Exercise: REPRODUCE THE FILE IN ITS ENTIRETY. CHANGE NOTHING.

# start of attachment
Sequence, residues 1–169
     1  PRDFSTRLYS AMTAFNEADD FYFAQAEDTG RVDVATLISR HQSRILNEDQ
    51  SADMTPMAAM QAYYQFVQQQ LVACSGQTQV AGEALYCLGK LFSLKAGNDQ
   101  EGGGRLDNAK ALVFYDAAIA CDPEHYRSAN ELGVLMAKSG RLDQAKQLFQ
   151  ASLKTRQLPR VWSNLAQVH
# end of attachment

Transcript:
Sequence, residues 1–169
     1  PRDFSTRLYS AMTAFNEADD FYFAQAEDTG RVDVATLISR HQSRILNEDQ
    51  SADMTPMAAM QAYYQFVQQQ LVACSGQTQV AGEALYCLGK LFSLKAGNDQ
   101  EGGGRLDNAK ALVFYDAAIA CDPEHYRSAN ELGVLMAKSG RLDQAKQLFQ
   151  ASLKTRQLPR VWSNLAQVH